Dutch magazine Elsevier disclosed last year that Van Pol had made a donation towards the election campaign of Mark Verheijen. Van Pol's project of the cinema was one of the spearheads in Verheijen's political campaign.

"These proceedings cannot be interpreted in any other way than that Mr. Verheijen went very far in facilitating Pieter van Pol and companies linked to Van Pol. Verheijen has blocked Taurus' project for years on end, in favour of Van Pol's projects, in exchange for election-related gifts," the police report reads.

Van Pol is already in the process of being prosecuted for bribing former VVD councillor Jos van Rey of the city of Roermond.

Reporter of television programme Nieuwsuur (Newshour), Dominique van der Heijden, said the incident is damaging for the VVD, because VVD leader Rutte and Chairman Zijlstra supported Verheijen for a long time and did not take the allegations seriously.

"Finally, at the beginning of this week, an investigation started into the financial declarations of the MP and now, on top of that, this new allegation has been made. The VVD has allowed itself to be dragged along a bit in this situation," said Van der Heyde.

Schotte, Heyliger met with security service man in 2010

~ Ronald van Raak publishes online article ~

THE HAGUE--Secret documents, supplied to Member of the Second Chamber of the Dutch Parliament Ronald van Raak of the Socialist Party (SP) and published on Tuesday on the website, revealed a meeting on or around the 2010 elections in St. Maarten between a member of the Curaçao Security Agency VDC, candidate Curaçao Prime Minister Gerrit Schotte, candidate minister George Jamaloodin and United People's Party Leader Theo Heyliger.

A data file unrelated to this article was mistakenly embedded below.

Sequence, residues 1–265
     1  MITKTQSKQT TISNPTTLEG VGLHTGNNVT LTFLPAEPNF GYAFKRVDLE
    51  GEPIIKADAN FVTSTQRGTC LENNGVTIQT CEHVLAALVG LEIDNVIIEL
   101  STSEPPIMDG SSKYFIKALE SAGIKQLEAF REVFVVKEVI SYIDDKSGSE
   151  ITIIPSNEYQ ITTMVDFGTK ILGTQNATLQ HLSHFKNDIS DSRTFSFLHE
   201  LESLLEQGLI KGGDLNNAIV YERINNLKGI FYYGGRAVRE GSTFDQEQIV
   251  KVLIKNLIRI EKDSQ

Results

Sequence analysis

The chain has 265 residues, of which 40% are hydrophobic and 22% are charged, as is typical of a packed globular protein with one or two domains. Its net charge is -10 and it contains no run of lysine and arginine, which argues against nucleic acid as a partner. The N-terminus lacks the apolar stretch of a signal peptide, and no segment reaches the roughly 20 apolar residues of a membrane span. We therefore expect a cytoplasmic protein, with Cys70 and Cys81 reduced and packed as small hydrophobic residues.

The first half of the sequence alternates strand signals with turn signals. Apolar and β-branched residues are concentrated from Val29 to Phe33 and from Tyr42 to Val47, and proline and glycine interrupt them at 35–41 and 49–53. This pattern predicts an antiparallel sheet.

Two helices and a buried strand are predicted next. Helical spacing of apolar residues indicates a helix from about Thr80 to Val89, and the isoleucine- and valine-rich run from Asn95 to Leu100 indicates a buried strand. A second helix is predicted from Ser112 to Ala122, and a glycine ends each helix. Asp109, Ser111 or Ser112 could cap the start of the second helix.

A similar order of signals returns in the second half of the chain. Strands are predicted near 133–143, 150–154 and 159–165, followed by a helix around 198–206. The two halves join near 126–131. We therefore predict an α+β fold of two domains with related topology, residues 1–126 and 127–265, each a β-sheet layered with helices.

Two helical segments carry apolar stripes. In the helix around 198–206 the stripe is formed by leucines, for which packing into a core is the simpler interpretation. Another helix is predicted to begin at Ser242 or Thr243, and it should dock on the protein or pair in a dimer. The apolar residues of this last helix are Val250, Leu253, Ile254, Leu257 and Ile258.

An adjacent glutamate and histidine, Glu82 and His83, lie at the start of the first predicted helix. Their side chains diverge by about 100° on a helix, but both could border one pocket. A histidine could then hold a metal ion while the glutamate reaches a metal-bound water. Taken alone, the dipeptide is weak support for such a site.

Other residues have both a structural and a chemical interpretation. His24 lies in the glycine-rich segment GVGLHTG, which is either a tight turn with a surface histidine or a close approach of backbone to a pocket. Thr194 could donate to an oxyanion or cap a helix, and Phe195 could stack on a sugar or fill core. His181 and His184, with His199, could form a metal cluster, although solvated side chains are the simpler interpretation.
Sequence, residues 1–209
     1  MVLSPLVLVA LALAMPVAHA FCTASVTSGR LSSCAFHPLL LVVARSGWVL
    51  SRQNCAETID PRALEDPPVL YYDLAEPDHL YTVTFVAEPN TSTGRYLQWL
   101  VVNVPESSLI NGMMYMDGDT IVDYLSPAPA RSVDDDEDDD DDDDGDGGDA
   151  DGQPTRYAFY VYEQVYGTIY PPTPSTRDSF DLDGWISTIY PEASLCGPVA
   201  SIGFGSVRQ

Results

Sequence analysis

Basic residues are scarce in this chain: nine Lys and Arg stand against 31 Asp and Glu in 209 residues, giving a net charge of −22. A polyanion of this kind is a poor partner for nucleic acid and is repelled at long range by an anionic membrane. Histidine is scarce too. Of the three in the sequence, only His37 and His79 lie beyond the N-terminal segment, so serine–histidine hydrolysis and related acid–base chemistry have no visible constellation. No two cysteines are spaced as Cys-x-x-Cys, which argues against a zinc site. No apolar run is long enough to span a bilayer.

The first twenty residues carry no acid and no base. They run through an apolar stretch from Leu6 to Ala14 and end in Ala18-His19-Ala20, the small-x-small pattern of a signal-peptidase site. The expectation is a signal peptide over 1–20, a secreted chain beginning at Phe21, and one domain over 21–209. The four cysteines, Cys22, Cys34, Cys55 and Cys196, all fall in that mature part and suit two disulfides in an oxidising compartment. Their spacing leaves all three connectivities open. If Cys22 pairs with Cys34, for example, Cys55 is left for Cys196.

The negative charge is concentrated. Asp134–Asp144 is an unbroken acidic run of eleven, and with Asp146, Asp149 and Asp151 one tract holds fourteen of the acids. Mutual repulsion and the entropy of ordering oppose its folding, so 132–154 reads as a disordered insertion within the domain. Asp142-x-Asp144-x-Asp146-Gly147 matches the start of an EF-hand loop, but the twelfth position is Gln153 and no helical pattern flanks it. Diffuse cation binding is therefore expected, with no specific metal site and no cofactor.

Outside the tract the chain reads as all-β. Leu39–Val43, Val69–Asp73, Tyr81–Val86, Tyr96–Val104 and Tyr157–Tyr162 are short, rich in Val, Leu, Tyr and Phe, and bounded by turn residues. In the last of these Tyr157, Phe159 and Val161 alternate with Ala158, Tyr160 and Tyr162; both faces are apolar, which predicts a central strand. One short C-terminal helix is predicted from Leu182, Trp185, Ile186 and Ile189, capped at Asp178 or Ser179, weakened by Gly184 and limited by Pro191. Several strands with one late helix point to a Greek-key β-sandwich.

The meeting in St. Maarten was confirmed in a letter by then Antillean Minister of Justice Magali Jacoba on September 20, 2010, less than three weeks before the dismantling of the Country the Netherlands Antilles. The letter was addressed to the then Head of the Department of Internal and External Security of the VDC Lawrence Pietersz.

In the letter, which was based on a conversation between Jacoba and then Head of the VDC Edsel Gumbs, who was forbidden by Schotte to enter the VDC in the later part of October 2010, Pietersz was confronted with his unauthorised travel as VDC team chief to St. Maarten on September 16 and 17, 2010. Pietersz was offered a ticket to St. Maarten by a third person, presumably by Curaçao businessman George Jamaloodin who later became Finance Minister in the Schotte cabinet.

According to the letter, Pietersz was seen in the company of at least two Curaçao politicians of the MFK party of Gerrit Schotte. The letter doesn't mention names, but it is highly likely that the concerned politicians were Schotte and Jamaloodin.

Jacoba further informed Pietersz that he had met with Schotte, Jamaloodin and Heyliger at the headquarters of the UP party. The meeting was confirmed by Interim VDC Head Rudy St. Jago, who filed an official complaint against Pietersz in February 2011.

St. Jago stated in his declaration, which was published in Van Raak's article on ThePostOnline website along with various other sensitive internal documents, that Pietersz was seen in the company of Schotte and other politicians during the 2010 elections in St. Maarten.